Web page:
Financial Stability and Monetary Policy – A Framework
The paper presents a stylised framework to analyse conditions under which monetary policy contributes to amplified movements in the housing market. Extending work by Hyun Shin (2005), the paper analyses self enforcing feedback mechanisms resulting in amplifier effects in a credit constrained economy. The paper characterizes conditions for asymmetric effects, causing systemic crises. By injecting liquidity, monetary policy can prevent a meltdown. Anticipating such a response, private agents are encouraged to take higher risks. Provision of liquidity works as a public good, but it may create potential conflicts with other policy objectives and may give incentives to build up leverage with a high systemic exposure to small probability events.
|Date of creation:||2007|
|Date of revision:|
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- Gunter Franke & Jan Pieter Krahnen, 2007.
"Default Risk Sharing between Banks and Markets: The Contribution of Collateralized Debt Obligations,"
in: The Risks of Financial Institutions, pages 603-634
National Bureau of Economic Research, Inc.
- Franke, Günter & Krahnen, Jan Pieter, 2005. "Default risk sharing between banks and markets: The contribution of collateralized debt obligations," CFS Working Paper Series 2005/06, Center for Financial Studies (CFS).
- Günter Franke & Jan Pieter Krahnen, 2005. "Default risk sharing between banks and markets: the contribution of collateralized debt obligations," CoFE Discussion Paper 05-04, Center of Finance and Econometrics, University of Konstanz.
- Guenter Franke & Jan Pieter Krahnen, 2005. "Default Risk Sharing Between Banks and Markets: The Contribution of Collateralized Debt Obligations," NBER Working Papers 11741, National Bureau of Economic Research, Inc.
- Eichberger, Jürgen & Summer, Martin, 2004.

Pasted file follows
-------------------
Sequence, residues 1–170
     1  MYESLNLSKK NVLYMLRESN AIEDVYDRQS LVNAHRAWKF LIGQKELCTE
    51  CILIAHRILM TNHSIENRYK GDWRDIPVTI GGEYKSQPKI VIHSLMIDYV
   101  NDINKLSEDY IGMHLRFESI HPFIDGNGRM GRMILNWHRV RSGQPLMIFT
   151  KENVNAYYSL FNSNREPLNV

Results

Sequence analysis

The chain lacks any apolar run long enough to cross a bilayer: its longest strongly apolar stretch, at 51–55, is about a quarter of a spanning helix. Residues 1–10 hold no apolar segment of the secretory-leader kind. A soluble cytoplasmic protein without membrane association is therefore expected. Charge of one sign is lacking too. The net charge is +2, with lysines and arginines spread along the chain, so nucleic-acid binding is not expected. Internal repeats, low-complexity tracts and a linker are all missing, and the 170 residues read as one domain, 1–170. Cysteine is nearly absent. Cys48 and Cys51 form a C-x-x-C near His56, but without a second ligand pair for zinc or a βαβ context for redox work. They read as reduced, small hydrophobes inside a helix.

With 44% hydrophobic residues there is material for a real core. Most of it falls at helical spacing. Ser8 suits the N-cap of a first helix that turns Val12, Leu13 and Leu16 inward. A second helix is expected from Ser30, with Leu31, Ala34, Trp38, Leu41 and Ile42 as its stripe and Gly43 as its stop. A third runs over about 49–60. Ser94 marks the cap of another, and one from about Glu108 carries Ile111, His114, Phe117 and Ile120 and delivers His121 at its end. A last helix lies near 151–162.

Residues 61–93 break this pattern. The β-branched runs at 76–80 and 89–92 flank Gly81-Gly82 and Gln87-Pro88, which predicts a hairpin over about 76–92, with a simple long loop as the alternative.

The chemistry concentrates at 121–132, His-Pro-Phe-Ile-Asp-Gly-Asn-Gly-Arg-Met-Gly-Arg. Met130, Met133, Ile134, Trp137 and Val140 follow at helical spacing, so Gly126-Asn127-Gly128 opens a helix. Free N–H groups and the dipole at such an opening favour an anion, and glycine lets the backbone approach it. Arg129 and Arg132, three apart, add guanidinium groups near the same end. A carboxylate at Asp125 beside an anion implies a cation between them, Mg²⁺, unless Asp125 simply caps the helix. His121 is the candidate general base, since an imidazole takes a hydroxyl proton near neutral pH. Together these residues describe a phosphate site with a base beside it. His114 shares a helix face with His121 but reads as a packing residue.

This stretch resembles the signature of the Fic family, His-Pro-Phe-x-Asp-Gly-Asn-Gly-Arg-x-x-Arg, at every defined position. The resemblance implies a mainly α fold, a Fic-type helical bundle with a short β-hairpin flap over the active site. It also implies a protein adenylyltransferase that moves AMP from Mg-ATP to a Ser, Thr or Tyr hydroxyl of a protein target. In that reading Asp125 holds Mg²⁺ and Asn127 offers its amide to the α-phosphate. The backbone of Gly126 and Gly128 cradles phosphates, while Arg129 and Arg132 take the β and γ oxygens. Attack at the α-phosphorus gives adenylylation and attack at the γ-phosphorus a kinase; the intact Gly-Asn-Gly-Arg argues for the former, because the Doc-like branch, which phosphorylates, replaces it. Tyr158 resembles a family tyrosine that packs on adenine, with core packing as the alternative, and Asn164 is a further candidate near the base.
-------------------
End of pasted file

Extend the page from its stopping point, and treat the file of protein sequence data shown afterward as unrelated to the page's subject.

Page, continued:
"Bank Capital, Liquidity and Systemic Risk,"
Sonderforschungsbereich 504 Publications
04-45, Sonderforschungsbereich 504, Universität Mannheim;Sonderforschungsbereich 504, University of Mannheim.
- Holmstrom, B & Tirole, J, 1996.
"Private and Public Supply of Liquidity,"
96-21, Massachusetts Institute of Technology (MIT), Department of Economics.
- Upper, Christian & Worms, Andreas, 2002.
"Estimating Bilateral Exposures in the German Interbank Market: Is there a Danger of Contagion?,"
Discussion Paper Series 1: Economic Studies
2002,09, Deutsche Bundesbank, Research Centre.
- Christian Upper & Andreas Worms, 2001. "Estimating bilateral exposures in the German interbank market: is there a danger of contagion?," BIS Papers chapters, in: Bank for International Settlements (ed.), Marrying the macro- and micro-prudential dimensions of financial stability, volume 1, pages 211-229 Bank for International Settlements.
- Upper, Christian & Worms, Andreas, 2004. "Estimating bilateral exposures in the German interbank market: Is there a danger of contagion?," European Economic Review, Elsevier, vol. 48(4), pages 827-849, August.
- Martin Hellwig, 1998. "Financial Institutions in Transition: Banks, Markets, and the Allocation of Risks in an Economy," Journal of Institutional and Theoretical Economics (JITE), Mohr Siebeck, Tübingen, vol. 154(1), pages 328-, March.
- Larry Eisenberg & Thomas H. Noe, 2001. "Systemic Risk in Financial Systems," Management Science, INFORMS, vol. 47(2), pages 236-249, February.
- Illing, Gerhard, 1992. "Private Information as Transaction Costs: The Coase Theorem Revisited," Munich Reprints in Economics 19522, University of Munich, Department of Economics.
- Franklin Allen & Douglas Gale, 2005. "From Cash-in-the-Market Pricing to Financial Fragility," Journal of the European Economic Association, MIT Press, vol. 3(2-3), pages 535-546, 04/05.
- Milgrom, Paul & Roberts, John, 1994. "Comparing Equilibria," American Economic Review, American Economic Association, vol. 84(3), pages 441-59, June.
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